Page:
Mathematician and theoretical computer scientist Avi Wigderson has received the prestigious 2023 Turing Award for his groundbreaking contributions to the understanding of “randomness” in computation.

The Association for Computing Machinery’s (ACM) Turing Award recognises those who have made a significant contributions to computing and is widely lauded as the field’s equivalent to a Nobel Prize.

Handed out annually, winners from prior years include Tim Berners-Lee, the inventor of the World Wide Web, and Geoffrey Hinton, the ‘Godfather of AI’ whose work contributed greatly to the understanding of artificial neural networks.

Wigderson, who earned his PHD in computer science in 1983, yesterday joined some of computer science’s most esteemed figures when he was handed the award for his “foundational contributions” to computing, including “reshaping our understanding” of the role of randomness in computation.

A computational scientist and mathematician at the Institute for Advanced Study (IAS) in Princeton, New Jersey, Wigderson authored a “highly influential” series of works on trading hardness for randomness.

Wigderson’s work upended assumptions about the need for computers to add random or pseudorandom choices when running probabilistic algorithms.

In the words of ACM, Wigderson and his colleagues “proved that, under standard and widely believed computational assumptions, every probabilistic polynomial time algorithm can be efficiently derandomized”.

In 1994, Wigderson and Noam Nisan authored a seminal paper arguing that “efficient deterministic simulation of randomised algorithms is possible under much weaker assumptions than previously known”.

“Our results are very strong evidence that the gap between randomised and deterministic complexity is not large,” the paper read.

ACM described Wigderson’s works as having “revolutionised” the understanding of randomness in computation, and further notes his ideas were subsequently adopted in many areas of theoretical computer science, enabling “impactful papers” by several leading figures in the field.

“Natural processes can be viewed as computers,” said Wigderson. “Computational processes are everywhere.”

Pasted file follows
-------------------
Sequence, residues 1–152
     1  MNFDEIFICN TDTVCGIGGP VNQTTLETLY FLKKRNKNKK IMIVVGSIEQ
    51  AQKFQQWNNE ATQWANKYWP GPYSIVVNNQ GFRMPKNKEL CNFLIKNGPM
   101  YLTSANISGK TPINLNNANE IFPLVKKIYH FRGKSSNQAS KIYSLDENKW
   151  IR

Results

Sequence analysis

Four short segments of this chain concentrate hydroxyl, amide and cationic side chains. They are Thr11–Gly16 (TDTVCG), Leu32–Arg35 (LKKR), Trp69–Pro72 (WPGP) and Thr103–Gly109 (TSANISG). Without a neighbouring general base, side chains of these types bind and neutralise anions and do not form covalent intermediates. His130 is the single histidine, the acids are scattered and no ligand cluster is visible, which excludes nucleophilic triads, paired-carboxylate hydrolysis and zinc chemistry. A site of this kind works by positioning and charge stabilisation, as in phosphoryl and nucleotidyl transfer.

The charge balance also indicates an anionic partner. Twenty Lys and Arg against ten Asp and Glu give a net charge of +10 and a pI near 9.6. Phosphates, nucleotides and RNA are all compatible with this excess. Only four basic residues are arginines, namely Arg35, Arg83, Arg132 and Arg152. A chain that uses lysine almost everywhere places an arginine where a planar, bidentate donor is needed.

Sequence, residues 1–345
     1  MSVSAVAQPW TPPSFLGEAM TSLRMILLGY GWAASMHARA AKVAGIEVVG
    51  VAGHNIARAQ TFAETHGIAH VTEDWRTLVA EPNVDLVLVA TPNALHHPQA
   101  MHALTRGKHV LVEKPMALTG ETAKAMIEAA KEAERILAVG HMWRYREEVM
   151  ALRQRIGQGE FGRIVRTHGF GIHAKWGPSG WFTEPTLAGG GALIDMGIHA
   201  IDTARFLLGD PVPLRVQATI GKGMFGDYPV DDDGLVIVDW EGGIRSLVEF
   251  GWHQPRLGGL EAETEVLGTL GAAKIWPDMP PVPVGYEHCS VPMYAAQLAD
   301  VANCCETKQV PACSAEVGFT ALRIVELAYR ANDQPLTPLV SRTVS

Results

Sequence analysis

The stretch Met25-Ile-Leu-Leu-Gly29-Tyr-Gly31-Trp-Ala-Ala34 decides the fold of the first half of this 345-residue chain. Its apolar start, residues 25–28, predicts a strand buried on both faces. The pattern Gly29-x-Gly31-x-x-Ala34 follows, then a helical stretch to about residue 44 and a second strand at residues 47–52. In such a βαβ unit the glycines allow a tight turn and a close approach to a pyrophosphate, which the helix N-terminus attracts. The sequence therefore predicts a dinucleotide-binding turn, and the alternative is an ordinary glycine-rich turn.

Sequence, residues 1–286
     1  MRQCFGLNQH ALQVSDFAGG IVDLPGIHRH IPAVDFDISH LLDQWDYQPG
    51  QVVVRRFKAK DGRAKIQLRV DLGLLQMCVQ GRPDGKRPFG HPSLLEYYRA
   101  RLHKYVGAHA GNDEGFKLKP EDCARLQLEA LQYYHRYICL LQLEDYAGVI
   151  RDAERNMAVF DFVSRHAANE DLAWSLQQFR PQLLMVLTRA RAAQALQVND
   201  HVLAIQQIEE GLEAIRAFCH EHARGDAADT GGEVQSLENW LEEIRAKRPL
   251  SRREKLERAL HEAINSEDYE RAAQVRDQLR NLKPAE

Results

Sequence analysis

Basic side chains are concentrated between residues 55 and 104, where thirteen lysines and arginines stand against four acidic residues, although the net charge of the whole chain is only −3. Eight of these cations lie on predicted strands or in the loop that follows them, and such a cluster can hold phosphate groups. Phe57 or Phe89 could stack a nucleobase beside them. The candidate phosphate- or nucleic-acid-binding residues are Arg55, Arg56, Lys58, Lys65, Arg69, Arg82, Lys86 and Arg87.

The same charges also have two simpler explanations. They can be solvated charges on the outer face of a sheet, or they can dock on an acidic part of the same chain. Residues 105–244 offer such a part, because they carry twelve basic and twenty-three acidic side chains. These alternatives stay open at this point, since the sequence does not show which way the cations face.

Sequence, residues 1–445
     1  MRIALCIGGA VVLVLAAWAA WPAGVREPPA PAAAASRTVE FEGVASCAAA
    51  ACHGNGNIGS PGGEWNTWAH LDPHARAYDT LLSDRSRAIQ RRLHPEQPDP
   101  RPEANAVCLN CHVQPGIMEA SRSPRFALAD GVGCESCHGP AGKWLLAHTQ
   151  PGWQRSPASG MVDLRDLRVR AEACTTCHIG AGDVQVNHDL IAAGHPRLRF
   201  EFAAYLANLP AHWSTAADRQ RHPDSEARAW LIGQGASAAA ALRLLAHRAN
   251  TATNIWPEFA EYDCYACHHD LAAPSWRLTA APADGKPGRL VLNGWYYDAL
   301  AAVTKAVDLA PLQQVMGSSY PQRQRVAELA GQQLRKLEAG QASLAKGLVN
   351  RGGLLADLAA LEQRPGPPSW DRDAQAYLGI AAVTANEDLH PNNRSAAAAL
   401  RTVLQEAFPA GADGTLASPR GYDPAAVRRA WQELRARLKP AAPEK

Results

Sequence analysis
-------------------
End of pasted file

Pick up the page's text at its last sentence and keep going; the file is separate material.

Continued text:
Wigderson explained theoretical computer science has significant overlap with other branches of science, including physics, biology, economics and even social sciences – observing computational processes hold relevance in non-computational areas, from “bacteria in petri dishes” through to “gossip on the internet”.

“An improved understanding of the dynamics of randomness in computation can lead us to develop better algorithms as well as deepen our understanding of the nature of computation itself,” ACM said.

The organisation praised Wigderson for his “decades of intellectual leadership” in theoretical computer science, making particular note of his ongoing mentorship at the IAS School of Mathematics in Princeton, New Jersey – where Wigderson has been a leading professor since 1999.

“Wigderson is a towering intellectual force in theoretical computer science, an exciting discipline that attracts some of the most promising young researchers to work on the most difficult challenges,” ACM president Yannis Ioannidis said.

Wigderson also won the mathematics-focused Abel Prize in 2021, marking the first person to be receive both prestigious awards, as well as the Nevanlinna Prize in 1994 for his work on computational complexity.

The Turing Award – which was named in honour of British mathematician and computational forefather Alan Turing – comes with $USD 1 million thanks to Google.

Jeff Dean, senior vice president at Google. said Wigderson’s work on randomness and other topics has “set the agenda in theoretical computer science for the past three decades”.

“We congratulate Avi Wigderson on receiving the ACM A.M. Turing Award – computing’s highest honour,” Dean said.